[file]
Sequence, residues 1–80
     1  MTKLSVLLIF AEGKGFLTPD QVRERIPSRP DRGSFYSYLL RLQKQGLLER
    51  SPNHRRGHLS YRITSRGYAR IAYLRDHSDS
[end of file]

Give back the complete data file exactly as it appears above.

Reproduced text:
Sequence, residues 1–80
     1  MTKLSVLLIF AEGKGFLTPD QVRERIPSRP DRGSFYSYLL RLQKQGLLER
    51  SPNHRRGHLS YRITSRGYAR IAYLRDHSDS